MELBOURNE | There’s never any shortage of great things to see at the National Gallery of Victoria and in August and September there are a number of interesting free and paid exhibits which will be sure to stimulate and inspire. Here are a few of the highlights to look forward to this August/September.
John Olsen is one of Australia’s greatest living artists. Born in Newcastle NSW in 1928, Olsen is well known for his energetic and distinctive painting style and in particular for his lyrical depiction of the landscape. He is a major figure in the story of Australian art and his unique and sensual pictorial language presents a very personal view of the world.
John Olsen: The You Beaut Country offers an unparalleled opportunity to examine Olsen’s consummate place in Australian art history. His You beaut country series, which followed his return to Australia in 1960 after three years travelling in Europe, began what would be a lifelong interest in representing the landscape and Australian identity. These works are presented alongside his more recent paintings, prints and watercolours, including those inspired by the filling of Lake Eyre.
The exhibition reveals an artist who at 88 years of age has lost none of his passion for his subject matter, nor his creative vitality and retains a unique ability to capture the spirit of the Australian landscape.
Opens at NGV Australia on 16 September 2016. Admission fees apply.
A National Gallery of Victoria exhibition in association with the Art Gallery of New South Wales.
The name Bulgari is synonymous with 1960s Italian glamour. Richard Burton famously quipped that in the nine months Elizabeth Taylor spent in Rome filming Cleopatra, she learned just one word of Italian — ‘Bulgari’.
Italian Jewels: Bulgari Style brings together Bulgari’s visionary creativity and the maison’s leading women in a spectacular display of film, photography and glittering jewels.
Showcasing the longstanding relationship between Bulgari, Rome and Hollywood cinema, the exhibition features exquisite jewels from the personal collections of Elizabeth Taylor and Gina Lollobrigida and favoured by prestigious patrons such as Anita Ekberg and Grace Kelly. Spectacular jewels worn on the red carpet by leading Hollywood starlets, such as Kiera Knightley, feature from the Bulgari Heritage Collection.
Opens at NGV International on 30 September. Entry is free.
Organised by the National Gallery of Victoria in collaboration with Bulgari Heritage.
One of Australia’s most acclaimed sculptors, Melbourne-based Bruce Armstrong is best-known for his monumental totemic figures which can be seen in public spaces around the country. Often hewn from massive pieces of red-gum, his birds, beasts and figures have a raw energy which assert a commanding presence and engage directly with the viewer.
Bruce Armstrong: An Anthology of Strange Creatures is a major survey of the artist’s work from the 1980s through to the present. It highlights his ongoing interest in mythological figures and his enduring preoccupation with the relationship between sculpture and architectural design. Drawing from both public and private collections, the exhibition brings together over thirty of the artist’s most memorable sculptures.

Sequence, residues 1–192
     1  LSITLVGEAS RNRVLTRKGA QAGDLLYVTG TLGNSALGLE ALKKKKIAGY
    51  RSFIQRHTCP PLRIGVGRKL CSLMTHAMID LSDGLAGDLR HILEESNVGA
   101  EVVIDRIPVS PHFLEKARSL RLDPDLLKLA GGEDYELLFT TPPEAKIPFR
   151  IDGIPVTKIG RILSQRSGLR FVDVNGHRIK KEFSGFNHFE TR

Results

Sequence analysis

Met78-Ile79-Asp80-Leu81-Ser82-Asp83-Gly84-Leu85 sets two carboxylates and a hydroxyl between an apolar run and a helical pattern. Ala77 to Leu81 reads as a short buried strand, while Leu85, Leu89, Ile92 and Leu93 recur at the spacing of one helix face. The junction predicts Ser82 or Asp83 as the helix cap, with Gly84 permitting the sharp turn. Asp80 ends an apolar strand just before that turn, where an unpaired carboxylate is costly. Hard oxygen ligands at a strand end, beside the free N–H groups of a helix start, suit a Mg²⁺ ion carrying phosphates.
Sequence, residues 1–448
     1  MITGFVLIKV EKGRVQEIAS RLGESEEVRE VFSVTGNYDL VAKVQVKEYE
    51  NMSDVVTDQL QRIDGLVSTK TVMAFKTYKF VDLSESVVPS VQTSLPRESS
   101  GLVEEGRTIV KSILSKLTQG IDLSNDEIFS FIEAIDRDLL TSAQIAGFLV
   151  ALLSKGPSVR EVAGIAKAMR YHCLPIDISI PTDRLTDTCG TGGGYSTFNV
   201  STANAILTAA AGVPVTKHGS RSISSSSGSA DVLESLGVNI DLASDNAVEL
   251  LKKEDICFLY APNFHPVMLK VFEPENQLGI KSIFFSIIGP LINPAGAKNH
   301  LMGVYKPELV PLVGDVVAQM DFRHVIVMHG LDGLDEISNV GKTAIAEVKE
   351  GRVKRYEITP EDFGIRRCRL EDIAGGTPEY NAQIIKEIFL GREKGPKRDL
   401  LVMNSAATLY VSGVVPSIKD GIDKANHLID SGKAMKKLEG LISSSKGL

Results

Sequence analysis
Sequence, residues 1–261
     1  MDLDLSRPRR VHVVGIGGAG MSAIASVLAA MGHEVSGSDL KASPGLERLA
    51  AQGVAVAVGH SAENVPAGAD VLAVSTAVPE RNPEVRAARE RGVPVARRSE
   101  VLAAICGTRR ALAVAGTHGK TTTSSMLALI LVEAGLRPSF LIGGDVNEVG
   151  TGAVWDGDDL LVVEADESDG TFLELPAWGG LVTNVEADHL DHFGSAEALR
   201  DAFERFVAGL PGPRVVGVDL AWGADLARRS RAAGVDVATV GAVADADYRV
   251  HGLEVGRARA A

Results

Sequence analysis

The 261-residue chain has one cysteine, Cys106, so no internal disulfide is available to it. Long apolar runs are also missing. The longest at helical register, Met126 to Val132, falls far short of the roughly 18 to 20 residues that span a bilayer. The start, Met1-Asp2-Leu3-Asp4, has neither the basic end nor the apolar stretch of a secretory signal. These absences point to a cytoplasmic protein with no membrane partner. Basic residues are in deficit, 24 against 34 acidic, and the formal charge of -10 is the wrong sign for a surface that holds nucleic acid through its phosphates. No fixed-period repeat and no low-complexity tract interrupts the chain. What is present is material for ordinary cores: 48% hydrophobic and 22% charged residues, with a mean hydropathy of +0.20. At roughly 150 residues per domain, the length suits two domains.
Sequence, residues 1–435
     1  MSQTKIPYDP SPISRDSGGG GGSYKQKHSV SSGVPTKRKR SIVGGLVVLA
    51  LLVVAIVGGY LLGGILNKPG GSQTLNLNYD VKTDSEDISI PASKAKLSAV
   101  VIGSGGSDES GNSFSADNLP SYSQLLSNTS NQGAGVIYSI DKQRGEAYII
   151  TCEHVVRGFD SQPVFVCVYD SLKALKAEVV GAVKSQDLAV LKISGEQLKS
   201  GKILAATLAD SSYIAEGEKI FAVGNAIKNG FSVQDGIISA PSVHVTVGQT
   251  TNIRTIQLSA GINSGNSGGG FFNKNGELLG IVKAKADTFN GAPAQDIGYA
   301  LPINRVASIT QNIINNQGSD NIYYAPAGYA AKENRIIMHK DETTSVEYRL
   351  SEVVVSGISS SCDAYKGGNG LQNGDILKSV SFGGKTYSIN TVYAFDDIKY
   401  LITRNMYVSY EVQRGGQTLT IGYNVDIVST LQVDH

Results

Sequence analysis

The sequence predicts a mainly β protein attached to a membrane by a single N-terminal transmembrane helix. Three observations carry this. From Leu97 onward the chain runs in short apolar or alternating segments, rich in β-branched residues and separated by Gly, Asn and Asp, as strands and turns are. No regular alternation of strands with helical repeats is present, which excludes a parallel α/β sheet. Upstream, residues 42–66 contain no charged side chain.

Opens at NGV Australia on 26 August. Entry is free.
This retrospective survey and celebration of the life and work of Mirdidingkingathi Juwarnda Sally Gabori c.1924–2015 features over thirty works on loan from Queensland Art Gallery | Gallery of Modern Art, Brisbane. Gabori was a contemporary artist of considerable sophistication and dare and a distinguished senior Kaiadilt woman artist from Bentinck Island in the Queensland’s Gulf of Carpentaria. Her indefatigable zeal to communicate her stories, knowledge, and experiences accumulated over an incredible life — spanning over 90 years — won her great admiration and has left an astonishing cultural legacy.
The exhibition Mirdidingkingathi Juwarnda Sally Gabori: Dulka Warngiid – Land of All traces the stylistic trajectory of Gabori’s oeuvre, encompassing her earliest small-scale canvases of 2005, iconic large-scale collaborative works with other Kaiadilt women, her singular monumental canvases of daring colour juxtapositions, through to her almost monochromatic paintings and works on bark produced at the end of her career.
Gabori created a body of work, which expressed sensations of life and cultural memory in diaspora, and differed from other known forms of Aboriginal painting, which focused on story-telling. Most of Gabori’s works represent places on Bentinck Island of deep personal significance to the artist: her husband’s place, Dibirdibi Country, her father’s place, Thundi, her own Country, Mirdidingki, and the first outstation, Nyinyilki.
Gabori lived on Bentinck Island in accordance with custom, developing knowledge of Kaiadilt cartography and cosmology, until the entire population was removed to Mornington Island mission by European settlers in 1948.
Opens at NGV Australia on 23 September. Entry is free.
A Queensland Art Gallery | Gallery of Modern Art Touring Exhibition.